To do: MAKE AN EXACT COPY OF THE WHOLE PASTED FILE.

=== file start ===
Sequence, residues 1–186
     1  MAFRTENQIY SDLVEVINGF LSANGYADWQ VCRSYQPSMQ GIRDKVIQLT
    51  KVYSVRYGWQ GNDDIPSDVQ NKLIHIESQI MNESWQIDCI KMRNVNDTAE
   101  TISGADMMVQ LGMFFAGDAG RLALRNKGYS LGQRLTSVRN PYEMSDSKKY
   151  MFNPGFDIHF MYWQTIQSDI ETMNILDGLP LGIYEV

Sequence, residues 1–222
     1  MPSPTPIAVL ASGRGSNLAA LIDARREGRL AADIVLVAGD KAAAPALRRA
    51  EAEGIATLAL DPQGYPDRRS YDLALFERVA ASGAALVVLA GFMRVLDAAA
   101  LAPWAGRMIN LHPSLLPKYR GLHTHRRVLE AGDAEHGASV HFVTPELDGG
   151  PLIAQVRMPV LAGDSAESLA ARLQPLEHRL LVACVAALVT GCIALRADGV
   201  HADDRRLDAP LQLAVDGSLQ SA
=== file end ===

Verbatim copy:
Sequence, residues 1–186
     1  MAFRTENQIY SDLVEVINGF LSANGYADWQ VCRSYQPSMQ GIRDKVIQLT
    51  KVYSVRYGWQ GNDDIPSDVQ NKLIHIESQI MNESWQIDCI KMRNVNDTAE
   101  TISGADMMVQ LGMFFAGDAG RLALRNKGYS LGQRLTSVRN PYEMSDSKKY
   151  MFNPGFDIHF MYWQTIQSDI ETMNILDGLP LGIYEV

Sequence, residues 1–222
     1  MPSPTPIAVL ASGRGSNLAA LIDARREGRL AADIVLVAGD KAAAPALRRA
    51  EAEGIATLAL DPQGYPDRRS YDLALFERVA ASGAALVVLA GFMRVLDAAA
   101  LAPWAGRMIN LHPSLLPKYR GLHTHRRVLE AGDAEHGASV HFVTPELDGG
   151  PLIAQVRMPV LAGDSAESLA ARLQPLEHRL LVACVAALVT GCIALRADGV
   201  HADDRRLDAP LQLAVDGSLQ SA